News

  • March 07, 2016 | The Atlantic

    Where Children Rarely Escape Poverty

    Charlotte, North Carolina, wants to change its status as one of the worst places in the United States for poor children to have a shot at getting ahead as adults. If the city succeeds, its efforts may offer a roadmap for other major metro areas gripped by barriers such as concentrated poverty...

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  • March 01, 2016 | The Atlantic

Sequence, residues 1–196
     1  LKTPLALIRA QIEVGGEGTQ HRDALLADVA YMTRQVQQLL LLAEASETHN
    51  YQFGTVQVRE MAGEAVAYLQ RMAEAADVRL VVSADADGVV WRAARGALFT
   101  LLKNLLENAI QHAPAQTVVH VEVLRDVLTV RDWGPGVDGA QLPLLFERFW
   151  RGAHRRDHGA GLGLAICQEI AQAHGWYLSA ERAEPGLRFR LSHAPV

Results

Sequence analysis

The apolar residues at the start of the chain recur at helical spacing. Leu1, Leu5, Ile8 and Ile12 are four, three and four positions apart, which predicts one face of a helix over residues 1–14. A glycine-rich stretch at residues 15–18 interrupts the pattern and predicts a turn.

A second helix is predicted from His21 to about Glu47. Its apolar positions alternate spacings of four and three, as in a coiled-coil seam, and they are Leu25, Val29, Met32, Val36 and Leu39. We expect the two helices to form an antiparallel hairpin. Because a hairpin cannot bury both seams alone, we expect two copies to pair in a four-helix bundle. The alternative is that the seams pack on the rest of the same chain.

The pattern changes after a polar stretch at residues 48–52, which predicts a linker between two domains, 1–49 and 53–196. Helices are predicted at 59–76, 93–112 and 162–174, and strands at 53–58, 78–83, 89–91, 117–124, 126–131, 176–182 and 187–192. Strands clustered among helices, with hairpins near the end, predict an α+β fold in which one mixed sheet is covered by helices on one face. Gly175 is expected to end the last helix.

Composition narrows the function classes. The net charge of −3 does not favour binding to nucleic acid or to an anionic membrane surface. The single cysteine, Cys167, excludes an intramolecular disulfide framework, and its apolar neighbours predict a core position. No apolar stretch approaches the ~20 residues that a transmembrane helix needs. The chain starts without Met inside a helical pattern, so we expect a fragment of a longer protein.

Separate and Still Unequal

    In a modern-day tale of two cities, in virtually every major U.S. metropolitan area students of color are much more likely than whites to attend public schools shaped by high concentrations of poverty, an analysis of federal data has found.

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  • February 29, 2016 | The Atlantic

    The Concentration of Poverty in American Schools

    In almost all major American cities, most African American and Hispanic students attend public schools where a majority of their classmates qualify as poor or low-income, a new analysis of federal data shows.

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